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Boulder researchers say landmark air pollution study getting results

Charlie Brennan | Boulder Daily Camera, Colo.

You’ve likely seen the curious looking C-130 aircraft — the one with the snowflake gracing its tail — flying surprisingly low, from numerous vantage points throughout Boulder County and beyond.

By the time you get used to it, it will be gone — but the data it is collecting, in concert with other aircraft and ground-based instruments, should be productive for a long time to come. The C-130 is just one of the high-profile tools being used in the ongoing Front Range Air Pollution and Photochemistry Experiment, dubbed FRAPP.

Gabriele Pfister, an atmospheric scientist at the National Center for Atmospheric Research, is co-principal investigator on the $3.5 million project, along with NCAR’s Frank Flocke.

“We have heard positive and we have heard negative feedback” from the flights that have taken off from Broomfield’s Rocky Mountain Municipal Airport several times a week, weather permitting, Pfister said.

“We had nearly a thousand people who came to our open house (Aug. 2), and many of the people actually came because they saw the airplane and wanted to know what else was going on there,” she said.

“And then, you have the people who complain, who say ‘I don’t want to have airplanes flying over my head; fly over someone else’s back yard.’ But at the end, you try to do something good for the people, here. If we can address some of the issue of ozone pollution better, everyone living in the area will benefit from that.”

Overlapping with, benefiting from, NASA project

The end, in fact, is near.

FRAPP , which launched on July 16, had been set to conclude by Aug. 16, in part because the hottest days of summer — ozone is formed through a combination of pollution and sunlight — will be history. Also, funding for the C-130 flights, about $1.5 million from the National Science Foundation, also will not enable the aircraft to keep serving the project beyond Aug. 22.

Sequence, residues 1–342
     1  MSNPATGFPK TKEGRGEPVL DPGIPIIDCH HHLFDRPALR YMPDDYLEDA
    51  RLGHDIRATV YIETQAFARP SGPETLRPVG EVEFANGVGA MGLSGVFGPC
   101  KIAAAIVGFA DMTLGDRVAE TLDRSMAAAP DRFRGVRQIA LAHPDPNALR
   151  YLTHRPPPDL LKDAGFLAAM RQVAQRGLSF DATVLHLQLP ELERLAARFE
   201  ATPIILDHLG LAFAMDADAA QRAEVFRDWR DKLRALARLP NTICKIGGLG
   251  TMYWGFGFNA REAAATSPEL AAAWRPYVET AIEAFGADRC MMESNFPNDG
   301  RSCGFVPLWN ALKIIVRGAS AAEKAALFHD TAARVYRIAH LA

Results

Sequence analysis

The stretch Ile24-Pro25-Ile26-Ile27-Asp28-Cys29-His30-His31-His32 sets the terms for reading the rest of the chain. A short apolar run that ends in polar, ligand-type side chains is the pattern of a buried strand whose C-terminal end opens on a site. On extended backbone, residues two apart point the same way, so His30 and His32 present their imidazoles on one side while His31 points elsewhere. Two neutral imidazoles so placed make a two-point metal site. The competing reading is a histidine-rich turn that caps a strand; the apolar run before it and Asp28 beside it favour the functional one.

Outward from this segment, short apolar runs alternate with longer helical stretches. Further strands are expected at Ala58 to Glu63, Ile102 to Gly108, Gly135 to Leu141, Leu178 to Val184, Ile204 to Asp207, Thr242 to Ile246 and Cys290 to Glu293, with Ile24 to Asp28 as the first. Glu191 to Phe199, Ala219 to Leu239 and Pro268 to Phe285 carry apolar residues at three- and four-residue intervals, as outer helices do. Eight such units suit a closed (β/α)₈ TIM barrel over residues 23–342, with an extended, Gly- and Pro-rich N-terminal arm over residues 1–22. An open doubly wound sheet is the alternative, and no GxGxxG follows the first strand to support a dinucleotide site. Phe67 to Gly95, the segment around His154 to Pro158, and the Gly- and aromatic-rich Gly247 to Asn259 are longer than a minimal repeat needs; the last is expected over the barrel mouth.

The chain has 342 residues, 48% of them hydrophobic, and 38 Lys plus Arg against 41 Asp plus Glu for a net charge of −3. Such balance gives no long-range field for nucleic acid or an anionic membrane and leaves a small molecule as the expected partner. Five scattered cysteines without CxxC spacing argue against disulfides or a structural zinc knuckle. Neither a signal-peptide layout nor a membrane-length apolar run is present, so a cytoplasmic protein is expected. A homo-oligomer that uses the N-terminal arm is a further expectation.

Related: CU-Boulder, NCAR create ‘ozone garden’ to show effects of air pollution on plants

The comprehensive study has hardly been dependent on just the one aircraft.

FRAPP is coordinated with the NASA DISCOVER-AQ project, which has been employing NASA aircraft and Earth-observing satellites since 2011 to measure air quality, distinguishing between high pollution in the atmosphere and that which is closer to the surface.

NASA’s contribution to the Colorado study, with a P-3B turboprop plane, which also has been buzzing the Front Range at as low as 1,000 feet, and a two-engine B200 King Air aircraft, ended Sunday.

“We’ve tried to do as many of the flights as we can while DISCOVER-AQ was here, to work closely and coordinate much as possible,” Pfister said. “By having all the NASA aircraft and ground instrumentation and balloons, there are a lot more additional measurements; we’re trying to overlap as much as possible.”

Even with the NASA aircraft out of the picture, NCAR’s C-130, augmented by a tethered balloon and mobile vans, will continue collecting data through the study’s completion.

With cooler summer, fewer high ozone days

Gordon Pierce, technical services program manager for the Colorado Department of Public Health and Environment, another partner in the FRAPP project, said the project has been progressing well.

However, he said, “The weather certainly is a factor that hasn’t helped us this year with it being so rainy. It hasn’t given us enough good clear days for flying — or, as many as we would have liked.

Pierce also noted that with the lack of much severe heat this summer, “The ozone levels have been quite a bit lower this year, overall.”

But he added, “There have been days where we had upslope conditions with ozone occurring, so we have been able to see the chemistry going on. It’s been very interesting, and I think the wealth of data that’s coming in is going to be wonderful to look at. It’s going to take a lot of time and effort, but it’s going to provide a lot of good information.”

The state’s contribution to the study is $2 million.

The data collected from the project should be released by early 2015, Pierce said, but will take “years” to analyze fully.

Nearly 200 scientists are involved with the project, including researchers from the National Oceanic and Atmospheric Administration, and the University of Colorado’s Cooperative Institute for Research in Environmental Sciences.


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